My youngest daughter, E, is coming to the end of her Reception year (the first year of school in the UK), so I thought I would share our experiences of starting school with food allergies. She has non-IgE food allergies (delayed reactions – usually) to milk and soya. Thankfully, she is halfway up the milk ladder, so she can tolerate cooked foods containing milk. She still has to avoid any uncooked dairy foods such as cheese, yogurt, cream, ice cream etc and of course milk itself. She is very sensitive to soya and cannot even tolerate soya lecithin. A reaction can make her poorly for about a week, so it’s something we really want to avoid, but our experience will of course be very different from someone who is at risk of anaphylaxis.
Check out my top tops for starting school with food allergies.
Choosing a School
My older daughter, K, was already at primary school. Luckily I already had a good relationship with the school. K has food intolerances herself. She’s had to do exclusion diets whilst at school and thankfully the school have been very supportive.
The headteacher prides herself on running an inclusive school. There are a few children in the school with special dietary needs – allergies, intolerances, coeliac disease, and religious diets too. So all the teachers keep Haribos (suitable for most kids) on standby for any special occasions, meaning no one is left out. Plus, it’s a nut-free school, as there is someone with a nut allergy, so they do have some awareness of food allergies already.
Last summer, to celebrate the World Cup the school held a special day where the children tasted food from different countries around the world. They planned it well and had already made provision for the kids with allergies and intolerances. I was really impressed!
Overall, I felt confident that the school would be able to manage my daughter’s allergies effectively.
When your child starts in Reception the teacher may visit you and your child at home. This is a chance for them to see the child in their home environment and get to know you both a bit better. It’s a perfect opportunity for you to bring up food allergies and discuss any questions or concerns.
We were very lucky as I already knew E’s Reception teacher really well. Her daughter was at preschool and school with K and they have had playdates together a few times. Plus she worked in K’s class last year, so she was already aware that we have issues with food in our family.
At our home visit I brought up E’s allergies and mentioned my specific concerns around school. Thankfully, as E’s allergies are non-IgE, she only reacts if she eats the food. But I did have a couple of worries. Firstly, in Reception children get free milk every day until they turn 5. I was worried about spills and the social aspect of being left out. Plus I was worried about children sharing food at lunchtimes, cooking in class, and special occasions such as birthdays and Christmas parties.
Preparing Your Food Allergy Child for School
It’s absolutely essential that you teach your child about their food allergies before they start school. Ideally start from a very young age. If they know what they can’t eat, they can speak up for themselves. Because the reality is, people do make mistakes. We have to accept that, and prepare for it. The teacher is responsible for so many children, and food allergies are easy to forget because they are invisible.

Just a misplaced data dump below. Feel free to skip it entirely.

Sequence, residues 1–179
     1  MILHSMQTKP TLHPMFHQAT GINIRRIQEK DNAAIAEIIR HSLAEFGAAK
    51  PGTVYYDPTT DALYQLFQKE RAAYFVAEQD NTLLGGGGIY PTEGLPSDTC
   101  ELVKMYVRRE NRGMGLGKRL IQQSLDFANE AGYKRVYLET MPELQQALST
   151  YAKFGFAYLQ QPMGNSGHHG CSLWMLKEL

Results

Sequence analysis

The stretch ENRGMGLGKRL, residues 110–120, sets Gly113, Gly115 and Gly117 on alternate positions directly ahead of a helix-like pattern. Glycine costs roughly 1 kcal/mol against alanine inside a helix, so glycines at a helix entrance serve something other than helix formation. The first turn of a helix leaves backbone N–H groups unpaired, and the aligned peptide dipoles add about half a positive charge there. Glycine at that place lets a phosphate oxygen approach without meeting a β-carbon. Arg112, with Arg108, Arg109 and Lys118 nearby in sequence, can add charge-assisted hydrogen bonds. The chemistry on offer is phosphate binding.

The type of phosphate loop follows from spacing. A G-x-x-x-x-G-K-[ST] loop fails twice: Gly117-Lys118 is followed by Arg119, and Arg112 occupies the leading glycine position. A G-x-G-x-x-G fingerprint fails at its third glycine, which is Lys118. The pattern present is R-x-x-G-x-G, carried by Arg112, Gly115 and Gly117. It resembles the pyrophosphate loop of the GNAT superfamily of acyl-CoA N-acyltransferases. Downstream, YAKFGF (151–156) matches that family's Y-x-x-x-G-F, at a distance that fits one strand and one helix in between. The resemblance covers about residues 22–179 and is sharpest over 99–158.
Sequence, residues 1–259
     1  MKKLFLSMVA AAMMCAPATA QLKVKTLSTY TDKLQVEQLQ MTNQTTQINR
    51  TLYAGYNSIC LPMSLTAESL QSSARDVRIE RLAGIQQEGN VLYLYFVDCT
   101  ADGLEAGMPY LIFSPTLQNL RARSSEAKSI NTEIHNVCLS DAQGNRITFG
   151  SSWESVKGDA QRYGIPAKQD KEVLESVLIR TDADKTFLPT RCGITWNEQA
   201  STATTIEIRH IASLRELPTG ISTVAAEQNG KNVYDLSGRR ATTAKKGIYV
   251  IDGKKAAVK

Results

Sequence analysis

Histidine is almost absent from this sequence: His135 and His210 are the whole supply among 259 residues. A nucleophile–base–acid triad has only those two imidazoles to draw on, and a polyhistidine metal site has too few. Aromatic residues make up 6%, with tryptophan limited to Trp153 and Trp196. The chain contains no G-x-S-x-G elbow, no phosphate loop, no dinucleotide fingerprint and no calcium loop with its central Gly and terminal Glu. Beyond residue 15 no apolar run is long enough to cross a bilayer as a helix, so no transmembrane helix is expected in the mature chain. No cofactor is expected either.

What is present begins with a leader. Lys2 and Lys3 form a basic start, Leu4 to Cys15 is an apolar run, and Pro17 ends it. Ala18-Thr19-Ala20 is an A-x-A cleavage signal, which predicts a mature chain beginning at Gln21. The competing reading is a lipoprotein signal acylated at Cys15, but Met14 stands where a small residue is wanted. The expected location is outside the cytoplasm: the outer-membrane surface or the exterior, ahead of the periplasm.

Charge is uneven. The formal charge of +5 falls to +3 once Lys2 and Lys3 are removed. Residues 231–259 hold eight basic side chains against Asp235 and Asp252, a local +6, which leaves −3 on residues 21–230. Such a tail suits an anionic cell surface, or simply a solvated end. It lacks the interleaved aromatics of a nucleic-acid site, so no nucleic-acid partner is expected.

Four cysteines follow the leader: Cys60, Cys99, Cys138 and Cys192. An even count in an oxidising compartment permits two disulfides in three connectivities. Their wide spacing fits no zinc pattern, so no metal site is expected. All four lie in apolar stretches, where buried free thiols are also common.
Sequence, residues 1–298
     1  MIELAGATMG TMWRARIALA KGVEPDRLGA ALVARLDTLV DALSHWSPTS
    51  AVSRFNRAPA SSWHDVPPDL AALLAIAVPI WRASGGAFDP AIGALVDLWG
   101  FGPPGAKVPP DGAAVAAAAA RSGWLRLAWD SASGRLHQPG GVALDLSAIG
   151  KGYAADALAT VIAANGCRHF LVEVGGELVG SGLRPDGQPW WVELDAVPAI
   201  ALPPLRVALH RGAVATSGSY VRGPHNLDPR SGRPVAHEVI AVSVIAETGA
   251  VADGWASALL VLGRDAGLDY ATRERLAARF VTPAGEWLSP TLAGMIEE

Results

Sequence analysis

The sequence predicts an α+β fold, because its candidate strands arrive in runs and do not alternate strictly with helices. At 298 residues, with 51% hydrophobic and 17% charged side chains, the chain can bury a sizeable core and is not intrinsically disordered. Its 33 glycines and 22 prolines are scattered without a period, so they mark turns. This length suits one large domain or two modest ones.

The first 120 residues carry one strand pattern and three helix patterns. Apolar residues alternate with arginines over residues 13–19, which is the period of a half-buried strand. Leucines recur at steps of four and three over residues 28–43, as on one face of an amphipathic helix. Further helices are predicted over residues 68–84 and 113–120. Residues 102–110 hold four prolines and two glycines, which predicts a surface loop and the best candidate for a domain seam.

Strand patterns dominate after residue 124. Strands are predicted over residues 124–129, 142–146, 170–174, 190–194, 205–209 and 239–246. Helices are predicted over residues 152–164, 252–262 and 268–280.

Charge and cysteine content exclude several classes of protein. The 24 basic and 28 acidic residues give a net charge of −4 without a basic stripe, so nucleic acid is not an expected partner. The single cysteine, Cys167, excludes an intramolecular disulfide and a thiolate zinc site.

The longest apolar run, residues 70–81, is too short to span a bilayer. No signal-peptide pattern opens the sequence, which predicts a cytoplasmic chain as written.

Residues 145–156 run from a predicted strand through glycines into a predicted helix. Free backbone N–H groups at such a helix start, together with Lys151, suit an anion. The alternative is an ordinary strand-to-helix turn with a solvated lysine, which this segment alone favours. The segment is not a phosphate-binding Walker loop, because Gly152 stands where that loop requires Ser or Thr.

Over the summer I discussed with E about ‘milk time’ at school. This was a difficult conversation to have as I always try to speak positively about school. But I needed her to know what she would be dealing with. I also wanted to know how she preferred to handle it. I offered to bring in some small cartons of her dairy free milk to drink, but she decided she would rather have water. We had conversations about this a few times over the summer break to prepare her.
Day one at school proved how important this was. At milk time, E was offered a carton of milk along with all her classmates. Whether the teacher just did it automatically, or if it was a different member of staff who wasn’t aware of E’s allergies, I don’t know. Thankfully, E told the teacher ‘No, I can’t have milk’ and she had her drink of water instead. All our preparations paid off!
I was really proud of her for doing this as she was very nervous about starting school and didn’t really speak to anyone for the first couple of weeks, so it really could have had a very different outcome. Needless to say, I was also furious with the school for putting her in this position. However, the teacher actually came and spoke to me about E’s allergies the following morning, which put my mind at rest, and it has never happened again.
Write a Letter to the Teacher
On the first day of school I wrote a letter to the teacher spelling out exactly what we had discussed at the home visit. I did this firstly as a reminder, as several months had passed since that conversation. Secondly, did you know that people take things in writing more seriously? Plus, it’s something for members of staff to refer to if needed. I also sent a copy to the headteacher, and she circulated it to all the staff in the school.